As part of our company's annual Rebuilding Together day, the WOOD magazine team built two outdoor learning spaces for a local elementary school. Situated in the school's community vegetable garden, the kid-height tables allow teachers to instruct from the center while the students learn about gardening and other hands-on topics in the fresh air. We installed two of the U-shaped tables, one 28" high and one 32" high to accommodate a range of ages.
Materials or Supplies
Materials or Supplies
Stake out the post hole locations
Drive stakes to locate the post hole centers. We used the side of the school building as a reference for measurements to make sure we remained square. Then, we measured from stake to stake for internal measurements. Here we see Lucas and Craig discussing taking a break after hours of work driving these six stakes. Not shown, cameraman Dave.
Post hole location measurements
Here are the measurements between post holes from center to center.
59-1/2" between the two posts supporting each table section.
29-1/4" between the posts where the side tables meet the front table, with a 7-1/4" offset.
Dig post holes
We made Craig dig all of the post holes by hand to a depth of about 30 inches.* Remember to call 811 or your region's equivalent utility locating service before doing any digging.
Your local codes may dictate a different depth depending on frost line or water level.
Pro tip: If you rent a post-hole auger from your local tool rental company, everyone else can take turns leaning on it while Craig digs.
Note: this picture shows two sets of holes for two tables. If you are making two tables, double the materials.
*Just kidding! Craig's arms aren't 30" long!
Stake out the post locations
Measure and drive stakes to stretch string lines locating the posts. We located the strings at a corner of each post.
The posts are positioned properly when they are plumb in both directions and just kiss the stringlines. Use a 4' level to position them, attach kicker stakes to stabilize, and then back-fill each post hole with quick-drying cement mix.
In retrospect, Craig's technique of tweaking the post's plumb by head-banging (pictured) was ill-advised, and he wished that we had not kept advising him to do so.
Cut posts to height
The height of the post should be your final desired table height minus 1-1/2". Mark this measurement from the ground up on one post. Then, use a level to transfer the height from post to post.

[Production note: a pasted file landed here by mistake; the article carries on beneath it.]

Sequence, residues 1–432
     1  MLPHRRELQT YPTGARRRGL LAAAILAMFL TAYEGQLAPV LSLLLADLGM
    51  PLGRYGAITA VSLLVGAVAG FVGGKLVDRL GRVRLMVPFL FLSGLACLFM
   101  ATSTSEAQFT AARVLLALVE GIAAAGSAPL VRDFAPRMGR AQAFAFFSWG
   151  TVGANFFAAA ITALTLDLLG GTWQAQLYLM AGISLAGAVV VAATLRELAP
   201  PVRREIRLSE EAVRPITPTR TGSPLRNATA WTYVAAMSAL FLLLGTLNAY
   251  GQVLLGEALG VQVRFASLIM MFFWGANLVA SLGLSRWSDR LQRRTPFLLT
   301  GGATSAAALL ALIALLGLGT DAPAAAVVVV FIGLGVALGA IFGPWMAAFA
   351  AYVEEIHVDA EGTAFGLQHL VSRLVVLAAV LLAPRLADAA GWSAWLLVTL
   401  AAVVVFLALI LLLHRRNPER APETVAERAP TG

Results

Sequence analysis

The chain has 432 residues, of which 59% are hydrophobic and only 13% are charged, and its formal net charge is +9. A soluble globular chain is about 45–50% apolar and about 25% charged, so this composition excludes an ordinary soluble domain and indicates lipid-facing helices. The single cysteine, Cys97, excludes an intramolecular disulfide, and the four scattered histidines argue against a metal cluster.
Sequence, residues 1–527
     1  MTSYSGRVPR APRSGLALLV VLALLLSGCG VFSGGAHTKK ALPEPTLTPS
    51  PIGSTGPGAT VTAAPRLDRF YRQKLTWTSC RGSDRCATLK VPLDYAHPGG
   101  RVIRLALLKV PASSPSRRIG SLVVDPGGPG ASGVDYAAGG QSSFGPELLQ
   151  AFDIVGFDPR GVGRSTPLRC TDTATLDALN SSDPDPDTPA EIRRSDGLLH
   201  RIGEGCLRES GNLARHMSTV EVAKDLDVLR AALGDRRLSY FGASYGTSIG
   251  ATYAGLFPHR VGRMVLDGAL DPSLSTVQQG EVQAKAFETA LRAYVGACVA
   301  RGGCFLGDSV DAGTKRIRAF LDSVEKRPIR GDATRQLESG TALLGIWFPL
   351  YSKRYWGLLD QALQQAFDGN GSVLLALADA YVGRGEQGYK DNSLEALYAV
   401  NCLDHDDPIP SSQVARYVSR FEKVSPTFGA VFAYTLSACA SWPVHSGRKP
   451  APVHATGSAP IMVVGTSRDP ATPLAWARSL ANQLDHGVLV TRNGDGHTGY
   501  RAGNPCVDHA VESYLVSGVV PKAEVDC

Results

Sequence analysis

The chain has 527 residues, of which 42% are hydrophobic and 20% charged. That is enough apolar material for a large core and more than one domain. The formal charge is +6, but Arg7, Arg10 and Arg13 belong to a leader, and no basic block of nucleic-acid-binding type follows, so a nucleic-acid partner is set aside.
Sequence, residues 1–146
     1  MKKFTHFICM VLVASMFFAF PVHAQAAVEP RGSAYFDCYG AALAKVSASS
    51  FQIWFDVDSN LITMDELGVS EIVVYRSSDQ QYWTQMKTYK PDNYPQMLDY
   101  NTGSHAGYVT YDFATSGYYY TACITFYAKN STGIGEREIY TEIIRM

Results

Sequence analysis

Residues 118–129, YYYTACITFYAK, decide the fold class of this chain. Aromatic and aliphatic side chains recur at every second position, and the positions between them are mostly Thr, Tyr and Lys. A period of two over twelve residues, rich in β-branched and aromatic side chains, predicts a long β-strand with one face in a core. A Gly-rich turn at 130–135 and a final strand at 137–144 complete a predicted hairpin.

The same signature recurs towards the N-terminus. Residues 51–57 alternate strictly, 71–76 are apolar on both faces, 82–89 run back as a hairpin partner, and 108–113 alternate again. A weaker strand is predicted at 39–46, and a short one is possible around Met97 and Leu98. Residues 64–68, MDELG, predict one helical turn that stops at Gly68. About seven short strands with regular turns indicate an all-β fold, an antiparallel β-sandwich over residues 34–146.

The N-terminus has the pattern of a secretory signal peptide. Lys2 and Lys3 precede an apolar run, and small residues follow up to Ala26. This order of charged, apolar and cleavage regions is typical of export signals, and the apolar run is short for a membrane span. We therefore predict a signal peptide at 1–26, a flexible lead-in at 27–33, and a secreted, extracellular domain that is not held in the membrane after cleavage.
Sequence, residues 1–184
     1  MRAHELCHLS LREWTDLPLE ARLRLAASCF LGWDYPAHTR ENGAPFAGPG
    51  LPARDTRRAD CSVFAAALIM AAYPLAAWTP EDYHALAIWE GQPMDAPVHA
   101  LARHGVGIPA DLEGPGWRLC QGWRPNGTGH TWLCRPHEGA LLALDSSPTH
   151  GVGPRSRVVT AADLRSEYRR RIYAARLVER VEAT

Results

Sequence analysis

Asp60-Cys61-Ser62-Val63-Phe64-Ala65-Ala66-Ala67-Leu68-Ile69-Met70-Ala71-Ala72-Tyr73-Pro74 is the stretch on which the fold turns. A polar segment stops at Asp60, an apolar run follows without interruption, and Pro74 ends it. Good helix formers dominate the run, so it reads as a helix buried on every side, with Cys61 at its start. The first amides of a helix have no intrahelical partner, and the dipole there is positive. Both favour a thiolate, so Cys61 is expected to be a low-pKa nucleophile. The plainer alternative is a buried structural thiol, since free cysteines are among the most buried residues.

Rather than freehand the cut, we used a crude saddle jig—two scraps screwed together at a right angle and clamped to the post—to guide the circ saw. If you do the same, be sure to offset your height measurement by the distance between the blade and baseplate edge of your saw.
We cut two kerfs then used those to finish the cut with a handsaw.
Add half-laps to the post tops
To prevent racking, we joined the cross beams to the posts with half-laps. We used a scrap 2x4 to mark the depth and thickness of the half-lap. Then, we used a circular saw set to 1-1/2" depth to cut kerfs for the half-laps. We completed the half-lap depth cut with a handsaw, working until its embarrassingly short-lived battery ran out.
Add cross beams to the posts
Cut crossbeams from treated 2x4 lumber to 19". You'll need 13 per table. Clamp a crossbeam, centered, in the halflap of each post.
Build the frame
Construct the frame on the clamped cross beams. We started by centering 93" treated 2x4s on the ends of the front table cross beams and screwing them in place with 3" treated deck screws to create table aprons.
Next, we attached the 10' treated 2x4s to the outer edges of the side tables, flush with the front apron. The front aprons and the side cross beams should all line up as you attach the long side apron. Loosen the clamps and adjust the cross beams as necessary.
Complete the frame
Attach 8' treated 2x4s for the inner aprons of the side tables. Add the remainder of the cross beams: Three centered between the posts, two used as nailers where the side tables meet the front table (see illustration, above), and two at the ends of the side tables (the outer aprons will probably run long and you'll have to cut it off flush).
Once the frame is assembled, level it in all directions by adjusting the clamped cross beams. Then, bore two holes through the crossbeams where they meet the halflaps, and lag-bolt the frame to the posts.
Add the top
Finally, add twelve 8'-long 2x6s to serve as the table top, centering any overhang or spacing the boards to cover the frame as needed.
Remember to take off the little tags on the ends of the boards before you leave the jobsite, Craig.
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